22 February 2014

Qatar could order more A350 -1000s

Qatar Airways is in talks with Airbus about an order for additional A350 XWBs, probably -1000s, as it prepares for the arrival of its first A350-900 later this year.

“There is a possibility that we will order additional A350s”, Qatar Airways CEO Akbar Al Baker said. “We still have not worked out the size of the order. At the moment we are looking at the A350-1000”, he added.

The airliner´s first A350-900 is due for delivery in the Q4 of this year, and the A350-1000s are due to arrive from 2017. Al Baker said the schedule for the planned new A350 order “could overlap with deliveries of the current batch”.

Qatar Airways is the launch customer for the A350 with firm orders for 80 aircraft, comprisiong 43 -900s and 37 -1000s.

It is not clear if the proposed A350 deal would have any impact on 30 options the airline holds for Boeing 787s, as Al Baker has previously been critical of the Dreamliner´s teething problems.

Based on the article “Qatar in talks to order more A350s” published in Flight International

21 February 2014

Singapore Airlines pilots feel at home in the A350 XWB. Commonality is key.

The A350 XWB has been given high marks by two Singapore Airlines pilots following a demonstration flight from Changi Airport in this new jetliner – as both praised its commonality with the A380 and A330 they currently fly, while also appreciating new features incorporated in the cockpit.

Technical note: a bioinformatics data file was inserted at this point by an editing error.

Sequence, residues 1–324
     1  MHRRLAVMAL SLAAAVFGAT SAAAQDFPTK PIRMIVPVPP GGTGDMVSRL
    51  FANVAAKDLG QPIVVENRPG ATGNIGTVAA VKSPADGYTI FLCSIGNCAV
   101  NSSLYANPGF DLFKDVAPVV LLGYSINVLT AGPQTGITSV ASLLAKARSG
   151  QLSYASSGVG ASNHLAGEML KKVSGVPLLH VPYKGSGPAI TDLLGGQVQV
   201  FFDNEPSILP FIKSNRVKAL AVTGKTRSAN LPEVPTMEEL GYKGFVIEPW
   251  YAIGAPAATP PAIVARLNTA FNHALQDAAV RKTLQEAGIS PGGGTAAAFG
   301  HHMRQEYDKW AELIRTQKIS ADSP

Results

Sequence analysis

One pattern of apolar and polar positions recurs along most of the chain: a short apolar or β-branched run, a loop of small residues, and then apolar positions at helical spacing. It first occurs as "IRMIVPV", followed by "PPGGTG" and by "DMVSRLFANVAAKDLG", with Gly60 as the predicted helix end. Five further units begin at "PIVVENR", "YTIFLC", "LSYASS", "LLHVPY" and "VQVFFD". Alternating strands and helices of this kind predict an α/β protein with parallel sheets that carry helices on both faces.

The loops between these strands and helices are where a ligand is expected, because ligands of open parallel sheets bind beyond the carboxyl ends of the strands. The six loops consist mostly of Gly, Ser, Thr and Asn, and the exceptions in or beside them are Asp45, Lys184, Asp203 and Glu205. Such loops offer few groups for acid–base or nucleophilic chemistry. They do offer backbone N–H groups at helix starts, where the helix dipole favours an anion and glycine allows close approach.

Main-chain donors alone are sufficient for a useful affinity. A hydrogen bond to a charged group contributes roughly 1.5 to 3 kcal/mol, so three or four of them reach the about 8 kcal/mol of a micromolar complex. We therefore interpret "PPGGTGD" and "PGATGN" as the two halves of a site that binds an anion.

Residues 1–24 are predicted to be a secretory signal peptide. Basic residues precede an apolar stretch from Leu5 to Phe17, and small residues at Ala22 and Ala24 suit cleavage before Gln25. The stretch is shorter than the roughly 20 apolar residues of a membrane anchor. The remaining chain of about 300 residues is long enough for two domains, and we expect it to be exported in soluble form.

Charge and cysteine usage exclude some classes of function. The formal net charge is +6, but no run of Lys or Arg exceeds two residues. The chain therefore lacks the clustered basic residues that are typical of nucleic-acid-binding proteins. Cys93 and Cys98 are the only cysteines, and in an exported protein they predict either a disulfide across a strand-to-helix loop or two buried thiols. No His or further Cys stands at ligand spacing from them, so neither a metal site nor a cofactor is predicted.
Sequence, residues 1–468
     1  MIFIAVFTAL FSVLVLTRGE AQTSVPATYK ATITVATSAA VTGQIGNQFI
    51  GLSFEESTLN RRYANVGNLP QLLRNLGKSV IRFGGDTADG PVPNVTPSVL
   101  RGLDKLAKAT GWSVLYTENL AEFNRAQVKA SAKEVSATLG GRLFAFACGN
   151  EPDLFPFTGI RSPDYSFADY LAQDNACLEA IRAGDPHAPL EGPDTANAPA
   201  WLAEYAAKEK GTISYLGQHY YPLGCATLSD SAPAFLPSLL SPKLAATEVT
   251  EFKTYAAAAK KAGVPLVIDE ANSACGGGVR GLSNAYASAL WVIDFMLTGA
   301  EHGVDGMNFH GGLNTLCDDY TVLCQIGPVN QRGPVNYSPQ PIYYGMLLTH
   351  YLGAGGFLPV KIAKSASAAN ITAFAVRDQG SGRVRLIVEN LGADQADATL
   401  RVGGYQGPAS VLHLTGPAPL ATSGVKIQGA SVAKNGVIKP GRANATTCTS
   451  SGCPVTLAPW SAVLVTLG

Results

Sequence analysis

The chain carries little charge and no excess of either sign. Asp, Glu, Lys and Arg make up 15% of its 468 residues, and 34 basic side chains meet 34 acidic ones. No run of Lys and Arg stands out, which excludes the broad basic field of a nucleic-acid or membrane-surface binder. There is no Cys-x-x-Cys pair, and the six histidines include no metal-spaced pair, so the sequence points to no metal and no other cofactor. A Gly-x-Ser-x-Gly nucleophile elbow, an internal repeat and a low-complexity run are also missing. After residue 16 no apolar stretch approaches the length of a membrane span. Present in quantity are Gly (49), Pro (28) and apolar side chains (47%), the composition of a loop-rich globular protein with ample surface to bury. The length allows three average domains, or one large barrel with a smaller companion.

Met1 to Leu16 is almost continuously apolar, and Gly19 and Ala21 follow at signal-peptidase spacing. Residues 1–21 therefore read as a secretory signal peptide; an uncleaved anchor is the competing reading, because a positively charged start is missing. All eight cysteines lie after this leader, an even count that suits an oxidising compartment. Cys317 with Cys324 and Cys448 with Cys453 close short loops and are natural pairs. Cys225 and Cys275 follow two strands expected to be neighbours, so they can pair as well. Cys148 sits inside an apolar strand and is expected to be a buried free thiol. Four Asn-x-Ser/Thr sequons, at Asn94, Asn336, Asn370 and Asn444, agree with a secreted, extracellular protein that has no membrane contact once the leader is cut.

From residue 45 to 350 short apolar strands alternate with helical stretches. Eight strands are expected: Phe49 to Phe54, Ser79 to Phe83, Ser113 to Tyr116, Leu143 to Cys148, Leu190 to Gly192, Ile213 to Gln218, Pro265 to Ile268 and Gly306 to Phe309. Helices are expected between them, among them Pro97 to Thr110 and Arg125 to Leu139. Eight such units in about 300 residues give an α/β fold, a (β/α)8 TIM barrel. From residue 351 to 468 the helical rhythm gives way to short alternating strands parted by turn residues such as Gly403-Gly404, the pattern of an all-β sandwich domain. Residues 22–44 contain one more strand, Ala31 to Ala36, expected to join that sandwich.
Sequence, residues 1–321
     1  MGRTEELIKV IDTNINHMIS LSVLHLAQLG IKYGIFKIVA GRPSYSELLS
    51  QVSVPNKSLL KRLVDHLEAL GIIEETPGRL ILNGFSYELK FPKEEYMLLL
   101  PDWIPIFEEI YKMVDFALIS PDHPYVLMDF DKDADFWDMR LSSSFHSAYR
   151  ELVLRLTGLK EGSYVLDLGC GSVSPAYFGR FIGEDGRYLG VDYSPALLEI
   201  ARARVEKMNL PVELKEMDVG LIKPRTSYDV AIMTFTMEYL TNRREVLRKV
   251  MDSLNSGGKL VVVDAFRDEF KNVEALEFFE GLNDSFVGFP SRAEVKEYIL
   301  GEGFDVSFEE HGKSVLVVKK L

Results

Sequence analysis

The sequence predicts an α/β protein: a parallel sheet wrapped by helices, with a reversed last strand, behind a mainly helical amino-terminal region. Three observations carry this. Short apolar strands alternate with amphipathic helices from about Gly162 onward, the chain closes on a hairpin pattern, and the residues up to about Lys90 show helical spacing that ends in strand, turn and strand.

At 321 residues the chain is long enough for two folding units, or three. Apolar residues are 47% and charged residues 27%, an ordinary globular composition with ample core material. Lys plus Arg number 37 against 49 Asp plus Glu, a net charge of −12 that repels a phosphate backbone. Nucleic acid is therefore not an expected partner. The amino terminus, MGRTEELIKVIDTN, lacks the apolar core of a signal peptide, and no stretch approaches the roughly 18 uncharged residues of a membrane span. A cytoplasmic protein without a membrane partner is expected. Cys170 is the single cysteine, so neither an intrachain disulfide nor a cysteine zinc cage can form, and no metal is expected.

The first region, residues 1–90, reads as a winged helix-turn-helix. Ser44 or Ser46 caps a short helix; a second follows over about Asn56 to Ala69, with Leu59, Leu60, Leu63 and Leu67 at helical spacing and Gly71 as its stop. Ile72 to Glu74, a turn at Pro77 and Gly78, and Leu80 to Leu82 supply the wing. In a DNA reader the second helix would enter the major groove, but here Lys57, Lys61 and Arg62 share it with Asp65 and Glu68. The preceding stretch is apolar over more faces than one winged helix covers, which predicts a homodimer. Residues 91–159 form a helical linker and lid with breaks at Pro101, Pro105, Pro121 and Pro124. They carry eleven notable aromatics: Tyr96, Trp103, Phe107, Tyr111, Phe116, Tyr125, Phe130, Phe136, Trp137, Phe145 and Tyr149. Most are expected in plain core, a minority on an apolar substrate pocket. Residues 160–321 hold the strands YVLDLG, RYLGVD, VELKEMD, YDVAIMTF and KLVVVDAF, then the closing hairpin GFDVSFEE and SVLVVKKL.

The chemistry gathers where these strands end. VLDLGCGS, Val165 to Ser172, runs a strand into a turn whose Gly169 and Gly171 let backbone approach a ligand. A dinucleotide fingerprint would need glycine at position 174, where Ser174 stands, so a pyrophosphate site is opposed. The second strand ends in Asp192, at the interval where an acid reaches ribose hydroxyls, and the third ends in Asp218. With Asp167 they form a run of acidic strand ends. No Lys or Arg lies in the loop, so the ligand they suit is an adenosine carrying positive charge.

Click on the picture to watch a video

Taking the controls from the left seat pilot-in-command position, the two aviators were provided a first-hand A350 XWB experience during a weekend evaluation flight performed prior to the Singapore Airshow’s opening

Captain Quay Chew Eng, the Vice President and Chief Pilot Training at Singapore Airlines – who currently flies the A330 – found the A350 XWB’s handling characteristics to be nearly the same as the rest of Airbus’ fly-by-wire jetliner family, and predicted a nearly seamless transition for pilots to this latest member of the company’s product line.  

He said the A350 XWB’s new cockpit features, including the use of six large-format LCD (liquid crystal display) screens to display flight information for improved pilot interface, were “quiet intuitive.

Captian Gerard Yeap, Singapore Airlines’ Senior Vice President – Flight Operations, said he was immediately comfortable on the A350 XWB flight deck based on his current experience flying the A380

“The greatest complement to Airbus is that I feel very at home stepping into this cockpit,” he explained after completing the demonstration flight.  “It handles, looks and feels like another Airbus.

Based on the press release "Singapore Airlines pilots feel at home in the A350 XWB"

20 February 2014

Airbus confident in the EIS of the A350; “We have taken a lot of risk out of the program”

According to Fernando Alonso - senior vice-president flight and integration tests-, Airbus had built in some contingencies into the schedule in case some significant difficulties would be discovered, but there weren’t any.

Because he expects a larger number of requests for late modifications, he has “no hope” however, that the certification and test program could be accelerated.